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Henry Heald: We
are sad to announce that Henry
Heald, long time journalist and freelance writer,
passed away during the month of November. We will miss him. A service
was held on December 4th. Several Media Club members
Long time Media Club of Canada member, Jean Portugal has died at at
home in Scarborough at age 95. As her half page obituary in The Globe
and Mail on January 2 says, Jean "spent years chronicling the accounts
of Canadian Veterans of the Second World War, and published their
stories as We Were There, in seven volumes."
Her books, published in 1998 by the Royal Canadian Military Institute,
contain 350 illustrations, 1.2 million words and 3,500 pages. She
interviewed 750 Canadian war veterans for the series.
Jean worked six decades as a journalist and government communicator.
She worked for the Peterborough Examiner, and The Globe and Mail and
was copy desk editor-in-chief for the the division of Maclean Hunter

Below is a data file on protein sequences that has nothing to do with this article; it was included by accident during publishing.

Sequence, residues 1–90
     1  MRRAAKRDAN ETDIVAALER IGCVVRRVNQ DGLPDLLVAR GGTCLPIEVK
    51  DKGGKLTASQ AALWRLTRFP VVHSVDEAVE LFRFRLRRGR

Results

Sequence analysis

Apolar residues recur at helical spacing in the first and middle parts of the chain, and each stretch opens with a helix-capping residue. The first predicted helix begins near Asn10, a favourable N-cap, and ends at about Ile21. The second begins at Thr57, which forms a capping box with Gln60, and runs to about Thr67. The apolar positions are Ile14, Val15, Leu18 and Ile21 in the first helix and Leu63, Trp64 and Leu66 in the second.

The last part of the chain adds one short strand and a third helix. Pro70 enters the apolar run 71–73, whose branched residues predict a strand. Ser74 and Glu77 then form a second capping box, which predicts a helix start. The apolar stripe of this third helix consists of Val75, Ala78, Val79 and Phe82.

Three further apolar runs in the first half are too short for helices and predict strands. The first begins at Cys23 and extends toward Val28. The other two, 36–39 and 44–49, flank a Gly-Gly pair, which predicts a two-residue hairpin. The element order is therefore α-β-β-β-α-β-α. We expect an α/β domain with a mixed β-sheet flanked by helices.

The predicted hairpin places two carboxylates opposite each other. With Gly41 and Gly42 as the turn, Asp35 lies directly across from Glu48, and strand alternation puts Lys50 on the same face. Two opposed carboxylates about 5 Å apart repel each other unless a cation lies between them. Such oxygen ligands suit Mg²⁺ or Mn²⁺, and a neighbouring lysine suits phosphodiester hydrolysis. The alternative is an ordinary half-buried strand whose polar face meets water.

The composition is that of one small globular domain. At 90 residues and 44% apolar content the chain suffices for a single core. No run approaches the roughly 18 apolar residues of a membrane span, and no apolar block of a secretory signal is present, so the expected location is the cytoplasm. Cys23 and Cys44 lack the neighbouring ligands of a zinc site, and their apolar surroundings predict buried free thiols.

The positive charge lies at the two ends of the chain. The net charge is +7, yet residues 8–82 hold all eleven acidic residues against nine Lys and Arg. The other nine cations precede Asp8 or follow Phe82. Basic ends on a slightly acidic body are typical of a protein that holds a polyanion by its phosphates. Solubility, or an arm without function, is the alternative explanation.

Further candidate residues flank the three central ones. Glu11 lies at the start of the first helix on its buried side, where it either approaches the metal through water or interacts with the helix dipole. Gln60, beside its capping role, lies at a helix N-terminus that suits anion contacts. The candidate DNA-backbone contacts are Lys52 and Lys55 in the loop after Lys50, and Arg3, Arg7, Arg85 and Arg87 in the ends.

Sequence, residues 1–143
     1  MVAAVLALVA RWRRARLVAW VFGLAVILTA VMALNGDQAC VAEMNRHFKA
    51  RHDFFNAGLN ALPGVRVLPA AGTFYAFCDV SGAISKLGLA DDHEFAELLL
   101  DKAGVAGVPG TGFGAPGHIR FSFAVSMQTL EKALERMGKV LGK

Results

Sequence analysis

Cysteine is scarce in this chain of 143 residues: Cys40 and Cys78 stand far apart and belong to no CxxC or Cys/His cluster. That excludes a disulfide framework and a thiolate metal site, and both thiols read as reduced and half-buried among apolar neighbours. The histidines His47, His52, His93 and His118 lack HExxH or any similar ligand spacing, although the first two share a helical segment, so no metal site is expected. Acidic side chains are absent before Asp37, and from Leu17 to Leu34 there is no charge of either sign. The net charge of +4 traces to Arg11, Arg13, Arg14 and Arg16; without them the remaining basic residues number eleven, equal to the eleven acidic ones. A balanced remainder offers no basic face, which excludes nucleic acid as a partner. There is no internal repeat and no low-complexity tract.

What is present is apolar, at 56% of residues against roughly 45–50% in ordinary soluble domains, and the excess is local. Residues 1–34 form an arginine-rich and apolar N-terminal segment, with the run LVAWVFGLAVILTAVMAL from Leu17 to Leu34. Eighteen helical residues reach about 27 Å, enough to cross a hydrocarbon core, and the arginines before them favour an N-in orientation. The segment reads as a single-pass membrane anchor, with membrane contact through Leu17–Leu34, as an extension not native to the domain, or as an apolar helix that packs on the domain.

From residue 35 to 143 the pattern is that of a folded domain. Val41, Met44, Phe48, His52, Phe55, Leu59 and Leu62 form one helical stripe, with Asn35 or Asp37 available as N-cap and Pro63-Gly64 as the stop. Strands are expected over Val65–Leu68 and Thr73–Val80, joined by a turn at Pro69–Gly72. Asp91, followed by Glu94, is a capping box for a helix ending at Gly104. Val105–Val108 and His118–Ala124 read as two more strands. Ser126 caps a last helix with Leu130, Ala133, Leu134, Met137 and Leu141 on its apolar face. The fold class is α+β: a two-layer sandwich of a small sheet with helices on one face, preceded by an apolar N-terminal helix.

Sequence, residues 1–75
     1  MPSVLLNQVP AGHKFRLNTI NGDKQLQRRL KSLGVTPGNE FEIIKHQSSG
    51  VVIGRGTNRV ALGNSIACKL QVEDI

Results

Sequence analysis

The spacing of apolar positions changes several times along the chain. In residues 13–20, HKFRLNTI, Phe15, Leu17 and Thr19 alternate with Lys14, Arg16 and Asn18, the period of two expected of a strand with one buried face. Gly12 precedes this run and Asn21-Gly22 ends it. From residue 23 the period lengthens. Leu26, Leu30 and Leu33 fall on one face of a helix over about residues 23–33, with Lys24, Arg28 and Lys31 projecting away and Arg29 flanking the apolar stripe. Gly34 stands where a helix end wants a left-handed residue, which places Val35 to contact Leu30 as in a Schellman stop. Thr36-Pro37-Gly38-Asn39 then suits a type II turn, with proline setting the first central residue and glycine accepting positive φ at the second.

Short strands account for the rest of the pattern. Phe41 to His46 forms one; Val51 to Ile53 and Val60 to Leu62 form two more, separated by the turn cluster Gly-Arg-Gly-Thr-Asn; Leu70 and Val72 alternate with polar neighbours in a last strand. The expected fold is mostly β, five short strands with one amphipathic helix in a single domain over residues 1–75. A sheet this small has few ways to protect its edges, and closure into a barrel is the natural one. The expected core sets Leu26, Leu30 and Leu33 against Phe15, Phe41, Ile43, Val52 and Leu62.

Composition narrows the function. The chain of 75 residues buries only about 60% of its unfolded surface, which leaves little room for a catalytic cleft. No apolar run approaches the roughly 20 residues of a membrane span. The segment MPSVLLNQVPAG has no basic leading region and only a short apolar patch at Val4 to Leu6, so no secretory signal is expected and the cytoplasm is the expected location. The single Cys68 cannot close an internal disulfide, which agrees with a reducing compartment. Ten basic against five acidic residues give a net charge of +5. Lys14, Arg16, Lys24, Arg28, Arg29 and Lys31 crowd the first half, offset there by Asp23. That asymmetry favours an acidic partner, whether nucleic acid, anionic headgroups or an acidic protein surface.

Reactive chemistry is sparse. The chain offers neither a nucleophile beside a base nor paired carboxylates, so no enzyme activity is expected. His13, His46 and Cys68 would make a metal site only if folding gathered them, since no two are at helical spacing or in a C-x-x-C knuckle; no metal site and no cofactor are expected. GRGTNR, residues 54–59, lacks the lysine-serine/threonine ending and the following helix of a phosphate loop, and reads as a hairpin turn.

that published business magazines. She was also a freelance
correspondent in Mexico, and covered foreign-reporting assignments for
The Globe and Mail in Asia, reporting from Japan, Hong Kong, Thailand
She was an honorary member of two Canadian regiments, was named to the
Order of Canada and received other commendations for her work.
June Coxon: June's article under the headline 'Pink Teas' was published in
the April-June 2016 issue of Taste and Travel
Jayne Simms-Dalmotas: Jayne has been writing the meeting
Iris ten Holder: Iris has been battling shingles
since August 2016.and hopes to save eyesight in her left eye with
the help of surgeon Peter Agapitos.
Iris continues exhibiting her work in fibre arts and
photography at her studio in Britannia and restore photogaphs to
origial brightness and colour.
Shirley Van Dusen:
Helen Bednarek VanEyk:
Virany wrote in
her July 15 blog, (www.cozybookbasics.wordpress.com), that notes she
took while attending Northrop Frye's lectures at university have become
part of a 700-page book. Northrop Frye's Lectures, edited and
transcribed by Robert D. Denham, contains notes from Courses Frye gave